Analysis: Islamic State Territory in Iraq, Syria Shrinks Another 12% in 2016

A photo posted on internet on April 7, 2015 shows ISIS or Daesh (Daech) or "Islamic State" group militants posing in Yarmouk (Yarmuk) Palestinian camp, located in a suburb of Damascus, Syria, that is partially now under their control. Photo by Balkis Press/Sipa USA (Sipa via AP Images)
Sipa via AP Images

The territory in Iraq and Syria controlled by Islamic State (ISIS/ISIL) jihadists shrunk by another 12 percent during the first half of 2016, according to an analysis by IHS, a defense research firm.

“In 2015, the Islamic State’s caliphate shrunk by 12,800 km² to 78,000 km², a net loss of 14 percent,” reports IHS. “In the first six months of 2016, that territory shrunk again by 12 percent. As of 4 July 2016, the Islamic State controls roughly 68,300 km² in Iraq and Syria, which is roughly the size of Ireland or the US state of West Virginia.”

According to the research firm, ISIS has lost about a quarter of the territory it once held in Iraq and Syria — an estimated 25 percent decrease from 90,800 km² to nearly 68,300 km².

The IHS rate is lower than the Obama administration’s recent estimate of a nearly 33 percent loss of ISIS-controlled lands in Iraq (47 percent) and Syria (20 percent). IHS did not provide percentages by country.

“Over the past 18 months, the Islamic State has continued to lose territory at an increasing rate,” explained Columb Strack, senior analyst at IHS and lead analyst for the IHS Conflict Monitor:

As the Islamic State’s caliphate shrinks and it becomes increasingly clear that its governance project is failing, the group is re-prioritizing insurgency. As a result, we unfortunately expect an increase in mass casualty attacks and sabotage of economic infrastructure, across Iraq and Syria, and further afield, including Europe.

IHS adds:

In April 2016, the IHS Conflict Monitor team outlined the decline in primary revenue sources for the Islamic State. In mid-2015, the Islamic State’s overall monthly revenue was around $80 million. As of March 2016, the Islamic State’s monthly revenue dropped to $56 million.

The $56 million figure has likely decreased further since March, by at least another 35 percent, noted Ludovico Carlino, senior analyst at IHS.

“Combined with the military setbacks on the ground, this is having an impact on the internal cohesion of the group as indicated by a marked increase in defections and desertions since January 2016,” he added.

As ISIS reportedly shrinks in Iraq and Syria, losing both territory and fighters, the group has expanded to eight countries and regions, including Libya, Saudi Arabia, Yemen, Sinai, Nigeria, Algeria, the Caucuses, and Afghanistan-Pakistan, according to the Obama administration.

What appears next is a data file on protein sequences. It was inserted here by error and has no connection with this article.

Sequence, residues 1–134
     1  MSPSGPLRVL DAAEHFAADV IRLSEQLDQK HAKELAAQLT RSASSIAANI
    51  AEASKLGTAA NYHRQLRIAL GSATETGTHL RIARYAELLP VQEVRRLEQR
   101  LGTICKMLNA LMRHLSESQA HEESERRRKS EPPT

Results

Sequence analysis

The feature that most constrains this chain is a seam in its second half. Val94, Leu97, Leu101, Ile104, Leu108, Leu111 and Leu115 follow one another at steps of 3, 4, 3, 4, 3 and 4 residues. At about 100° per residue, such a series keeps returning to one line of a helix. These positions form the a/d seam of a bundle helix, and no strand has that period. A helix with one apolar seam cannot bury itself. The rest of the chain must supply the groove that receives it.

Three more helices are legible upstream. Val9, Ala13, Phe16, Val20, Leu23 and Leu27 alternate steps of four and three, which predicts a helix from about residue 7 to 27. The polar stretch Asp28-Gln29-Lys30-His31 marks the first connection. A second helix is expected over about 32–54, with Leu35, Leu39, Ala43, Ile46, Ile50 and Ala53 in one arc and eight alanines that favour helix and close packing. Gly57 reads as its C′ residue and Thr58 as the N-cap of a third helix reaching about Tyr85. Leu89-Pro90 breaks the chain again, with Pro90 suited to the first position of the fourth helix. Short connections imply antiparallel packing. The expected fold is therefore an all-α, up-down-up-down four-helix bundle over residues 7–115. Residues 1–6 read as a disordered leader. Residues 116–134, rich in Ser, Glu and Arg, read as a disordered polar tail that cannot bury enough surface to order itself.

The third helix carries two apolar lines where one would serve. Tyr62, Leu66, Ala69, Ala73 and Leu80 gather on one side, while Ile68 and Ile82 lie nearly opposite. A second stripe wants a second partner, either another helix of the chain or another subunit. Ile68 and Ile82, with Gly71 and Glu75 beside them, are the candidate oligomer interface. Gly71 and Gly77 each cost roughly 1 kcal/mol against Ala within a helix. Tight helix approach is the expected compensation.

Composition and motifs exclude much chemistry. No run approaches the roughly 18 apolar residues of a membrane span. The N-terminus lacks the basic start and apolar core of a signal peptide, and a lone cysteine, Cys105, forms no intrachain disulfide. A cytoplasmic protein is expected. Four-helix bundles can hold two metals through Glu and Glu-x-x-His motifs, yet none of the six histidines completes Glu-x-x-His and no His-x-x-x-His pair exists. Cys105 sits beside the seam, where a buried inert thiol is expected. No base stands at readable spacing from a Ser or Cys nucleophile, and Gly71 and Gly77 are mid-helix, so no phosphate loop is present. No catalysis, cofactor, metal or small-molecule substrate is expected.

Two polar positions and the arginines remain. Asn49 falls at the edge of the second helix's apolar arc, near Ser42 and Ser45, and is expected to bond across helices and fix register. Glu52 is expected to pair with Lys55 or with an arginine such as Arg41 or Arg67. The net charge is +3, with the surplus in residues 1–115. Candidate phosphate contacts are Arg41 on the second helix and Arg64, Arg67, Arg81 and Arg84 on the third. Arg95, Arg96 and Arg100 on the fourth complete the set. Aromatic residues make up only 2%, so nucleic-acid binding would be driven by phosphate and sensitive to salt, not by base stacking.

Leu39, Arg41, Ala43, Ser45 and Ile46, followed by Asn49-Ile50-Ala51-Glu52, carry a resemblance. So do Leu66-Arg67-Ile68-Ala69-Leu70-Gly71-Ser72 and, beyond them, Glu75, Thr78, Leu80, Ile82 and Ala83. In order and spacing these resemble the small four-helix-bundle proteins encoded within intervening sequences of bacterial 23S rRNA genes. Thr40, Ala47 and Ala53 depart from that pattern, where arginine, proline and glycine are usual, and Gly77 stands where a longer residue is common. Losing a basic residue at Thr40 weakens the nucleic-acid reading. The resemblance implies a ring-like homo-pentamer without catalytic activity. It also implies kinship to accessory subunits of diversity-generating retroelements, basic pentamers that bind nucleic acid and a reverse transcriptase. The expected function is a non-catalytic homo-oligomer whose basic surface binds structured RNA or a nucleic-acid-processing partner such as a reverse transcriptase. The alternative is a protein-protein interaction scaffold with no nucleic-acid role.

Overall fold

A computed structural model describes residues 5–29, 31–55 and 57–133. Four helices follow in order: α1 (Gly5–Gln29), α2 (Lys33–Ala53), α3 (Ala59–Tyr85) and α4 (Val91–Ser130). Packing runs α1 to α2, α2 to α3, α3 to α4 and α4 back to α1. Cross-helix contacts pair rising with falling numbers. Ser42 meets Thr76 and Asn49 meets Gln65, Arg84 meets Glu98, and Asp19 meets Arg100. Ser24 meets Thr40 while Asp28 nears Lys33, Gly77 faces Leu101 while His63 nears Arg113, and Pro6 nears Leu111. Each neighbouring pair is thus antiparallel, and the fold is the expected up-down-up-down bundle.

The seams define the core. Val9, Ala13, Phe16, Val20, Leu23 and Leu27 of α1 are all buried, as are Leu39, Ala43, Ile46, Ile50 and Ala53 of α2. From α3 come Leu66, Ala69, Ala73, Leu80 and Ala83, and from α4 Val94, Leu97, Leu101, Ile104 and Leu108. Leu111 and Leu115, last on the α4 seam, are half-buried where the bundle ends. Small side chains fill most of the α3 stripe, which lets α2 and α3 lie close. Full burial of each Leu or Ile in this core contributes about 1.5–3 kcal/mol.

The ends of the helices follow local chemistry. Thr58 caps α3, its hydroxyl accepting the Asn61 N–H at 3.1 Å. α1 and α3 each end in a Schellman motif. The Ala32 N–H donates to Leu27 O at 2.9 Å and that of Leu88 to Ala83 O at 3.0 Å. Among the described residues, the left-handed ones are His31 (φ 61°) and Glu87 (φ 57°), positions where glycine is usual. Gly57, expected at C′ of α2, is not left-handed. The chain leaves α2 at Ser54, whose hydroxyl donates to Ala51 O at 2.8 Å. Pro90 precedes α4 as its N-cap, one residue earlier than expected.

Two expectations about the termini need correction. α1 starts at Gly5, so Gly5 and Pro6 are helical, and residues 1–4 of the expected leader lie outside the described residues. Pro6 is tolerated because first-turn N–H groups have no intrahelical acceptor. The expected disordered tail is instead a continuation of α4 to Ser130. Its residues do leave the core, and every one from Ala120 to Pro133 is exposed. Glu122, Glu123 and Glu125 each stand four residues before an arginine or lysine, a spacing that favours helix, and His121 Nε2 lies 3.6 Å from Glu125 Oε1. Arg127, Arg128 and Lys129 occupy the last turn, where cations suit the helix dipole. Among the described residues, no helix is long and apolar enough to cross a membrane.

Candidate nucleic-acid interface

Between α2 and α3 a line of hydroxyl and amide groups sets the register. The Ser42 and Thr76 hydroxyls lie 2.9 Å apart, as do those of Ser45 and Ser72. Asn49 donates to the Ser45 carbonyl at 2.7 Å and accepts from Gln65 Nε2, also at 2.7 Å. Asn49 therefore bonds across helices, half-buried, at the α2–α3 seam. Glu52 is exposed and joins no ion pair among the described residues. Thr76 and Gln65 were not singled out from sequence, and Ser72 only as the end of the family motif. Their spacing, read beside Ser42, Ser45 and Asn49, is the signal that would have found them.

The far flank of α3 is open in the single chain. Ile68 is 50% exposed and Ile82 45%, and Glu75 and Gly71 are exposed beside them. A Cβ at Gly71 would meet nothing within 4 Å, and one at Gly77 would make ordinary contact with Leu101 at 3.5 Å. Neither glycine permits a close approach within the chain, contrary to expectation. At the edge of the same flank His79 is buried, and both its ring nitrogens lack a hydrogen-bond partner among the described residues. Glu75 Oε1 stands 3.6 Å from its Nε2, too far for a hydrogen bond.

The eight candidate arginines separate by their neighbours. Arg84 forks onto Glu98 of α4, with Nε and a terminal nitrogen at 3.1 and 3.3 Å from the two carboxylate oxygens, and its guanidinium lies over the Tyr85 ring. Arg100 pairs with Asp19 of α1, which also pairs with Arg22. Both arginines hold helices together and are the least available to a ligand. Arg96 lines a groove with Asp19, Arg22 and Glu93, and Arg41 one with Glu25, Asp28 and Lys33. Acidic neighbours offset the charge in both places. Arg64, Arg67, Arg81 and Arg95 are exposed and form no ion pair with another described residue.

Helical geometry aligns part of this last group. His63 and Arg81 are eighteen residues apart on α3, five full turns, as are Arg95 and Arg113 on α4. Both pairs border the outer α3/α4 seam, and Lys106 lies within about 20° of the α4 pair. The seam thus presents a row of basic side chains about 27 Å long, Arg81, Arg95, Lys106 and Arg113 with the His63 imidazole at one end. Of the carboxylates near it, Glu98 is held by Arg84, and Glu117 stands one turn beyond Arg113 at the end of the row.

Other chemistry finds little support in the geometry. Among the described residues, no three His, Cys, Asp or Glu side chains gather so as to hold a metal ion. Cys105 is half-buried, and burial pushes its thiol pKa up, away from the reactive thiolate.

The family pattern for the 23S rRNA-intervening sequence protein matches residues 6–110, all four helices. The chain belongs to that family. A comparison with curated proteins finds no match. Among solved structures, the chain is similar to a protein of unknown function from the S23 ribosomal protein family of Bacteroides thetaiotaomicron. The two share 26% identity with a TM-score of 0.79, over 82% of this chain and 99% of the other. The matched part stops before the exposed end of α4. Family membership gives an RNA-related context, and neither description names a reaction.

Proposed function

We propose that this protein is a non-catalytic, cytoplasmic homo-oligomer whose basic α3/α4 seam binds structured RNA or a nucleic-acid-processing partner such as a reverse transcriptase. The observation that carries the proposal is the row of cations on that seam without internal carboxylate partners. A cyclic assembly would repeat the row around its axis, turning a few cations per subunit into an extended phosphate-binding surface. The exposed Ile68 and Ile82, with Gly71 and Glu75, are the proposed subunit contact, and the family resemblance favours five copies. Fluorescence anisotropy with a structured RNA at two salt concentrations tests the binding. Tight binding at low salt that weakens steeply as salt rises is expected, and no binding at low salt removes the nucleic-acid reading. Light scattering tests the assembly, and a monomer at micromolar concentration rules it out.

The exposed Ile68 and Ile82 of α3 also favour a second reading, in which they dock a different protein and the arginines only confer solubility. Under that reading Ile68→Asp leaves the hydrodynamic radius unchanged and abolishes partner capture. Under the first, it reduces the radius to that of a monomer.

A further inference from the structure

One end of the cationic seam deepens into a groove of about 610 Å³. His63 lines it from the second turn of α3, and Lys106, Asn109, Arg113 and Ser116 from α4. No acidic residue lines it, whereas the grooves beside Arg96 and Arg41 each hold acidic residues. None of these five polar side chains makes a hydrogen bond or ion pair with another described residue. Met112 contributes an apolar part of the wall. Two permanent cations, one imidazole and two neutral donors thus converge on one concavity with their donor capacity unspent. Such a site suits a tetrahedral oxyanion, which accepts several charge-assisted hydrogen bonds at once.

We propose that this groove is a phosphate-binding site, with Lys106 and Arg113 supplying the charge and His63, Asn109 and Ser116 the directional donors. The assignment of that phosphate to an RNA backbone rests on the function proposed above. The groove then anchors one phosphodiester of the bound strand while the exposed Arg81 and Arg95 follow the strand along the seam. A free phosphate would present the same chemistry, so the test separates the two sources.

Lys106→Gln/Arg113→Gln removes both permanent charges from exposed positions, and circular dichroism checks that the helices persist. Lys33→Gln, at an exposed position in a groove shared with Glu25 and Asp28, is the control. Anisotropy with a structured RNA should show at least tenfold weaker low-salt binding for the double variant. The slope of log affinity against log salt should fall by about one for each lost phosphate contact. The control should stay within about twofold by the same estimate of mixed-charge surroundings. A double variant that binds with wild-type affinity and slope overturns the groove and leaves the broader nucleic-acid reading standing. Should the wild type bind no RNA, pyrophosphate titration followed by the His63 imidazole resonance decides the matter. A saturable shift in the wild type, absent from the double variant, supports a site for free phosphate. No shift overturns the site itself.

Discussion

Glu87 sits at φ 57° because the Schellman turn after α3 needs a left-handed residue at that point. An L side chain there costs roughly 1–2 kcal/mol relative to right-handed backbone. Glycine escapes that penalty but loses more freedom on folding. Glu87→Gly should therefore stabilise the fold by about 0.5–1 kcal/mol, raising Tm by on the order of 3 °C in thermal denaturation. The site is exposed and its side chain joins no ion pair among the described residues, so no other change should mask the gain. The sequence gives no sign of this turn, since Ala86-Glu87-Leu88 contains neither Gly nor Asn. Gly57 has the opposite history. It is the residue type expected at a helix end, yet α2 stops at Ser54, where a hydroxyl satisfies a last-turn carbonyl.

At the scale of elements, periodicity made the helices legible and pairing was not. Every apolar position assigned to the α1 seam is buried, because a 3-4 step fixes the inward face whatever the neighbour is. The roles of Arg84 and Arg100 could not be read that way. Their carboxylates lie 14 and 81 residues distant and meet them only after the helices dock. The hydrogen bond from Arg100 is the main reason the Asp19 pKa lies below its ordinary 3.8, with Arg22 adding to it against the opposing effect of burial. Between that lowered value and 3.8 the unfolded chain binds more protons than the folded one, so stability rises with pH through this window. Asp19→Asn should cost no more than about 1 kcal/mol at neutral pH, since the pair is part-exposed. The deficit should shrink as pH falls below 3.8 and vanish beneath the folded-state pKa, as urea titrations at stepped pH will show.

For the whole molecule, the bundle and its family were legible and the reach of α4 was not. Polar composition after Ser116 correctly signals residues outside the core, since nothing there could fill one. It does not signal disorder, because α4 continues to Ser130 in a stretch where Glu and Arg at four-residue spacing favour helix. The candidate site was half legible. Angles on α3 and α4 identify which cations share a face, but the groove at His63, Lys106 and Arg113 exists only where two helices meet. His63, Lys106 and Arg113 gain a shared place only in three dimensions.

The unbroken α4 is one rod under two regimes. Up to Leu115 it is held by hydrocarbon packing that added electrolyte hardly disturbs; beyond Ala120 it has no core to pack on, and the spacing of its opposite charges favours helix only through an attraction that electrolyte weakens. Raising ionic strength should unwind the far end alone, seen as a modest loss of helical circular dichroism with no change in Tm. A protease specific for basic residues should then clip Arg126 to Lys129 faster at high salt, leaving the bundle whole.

The terrorist group is also seeking to officially establish branches in the Philippines, Bangladesh, and Somalia where it already has a presence, Brett McGurk, Obama’s special envoy for the U.S.-led coalition against ISIS, told lawmakers at the end of June.

In the Philippines, the local jihadist group Abu Sayyaf has pledged allegiance to ISIS. Meanwhile, in Somalia, ISIS sympathizers are engaged in turf battles with the local al-Qaeda affiliate al Shabaab.

Many of ISIS’s global branches continue to grow.

Firas Abi-Ali, senior principal analyst at IHS, pointed out:

For groups like the Islamic State, the battle for hearts and minds is just as important, if not more important, than the military confrontation. As such, the expansion of terrorist attacks outside the core caliphate helps the group claim that it is still gaining support and expanding its influence, despite setbacks in Iraq and Syria. The Islamic State’s messaging has therefore adjusted to the caliphate’s loss of territory by pointing to its expansion outside Iraq and Syria, and to Allah’s assurance of final victory.

On Wednesday, the terrorist group released a video highlighting the “organization of the caliphate” in which it claimed to control of 35 “wilayat” (provinces), including 19 in Syria and Iraq.

“Over the coming year we are likely to see more towns and cities become isolated from the core caliphate, as was the case in Ramadi and Fallujah,” declared Strack of IHS. “This could enable the fragmentation and gradual defeat of the Islamic State as a conventional force.”

ISIS is facing increasing pressure in northern Syria, home to the group’s de facto capital of Raqqa and a pivotal area for the jihadists that provides access to the Turkish border, notes IHS.


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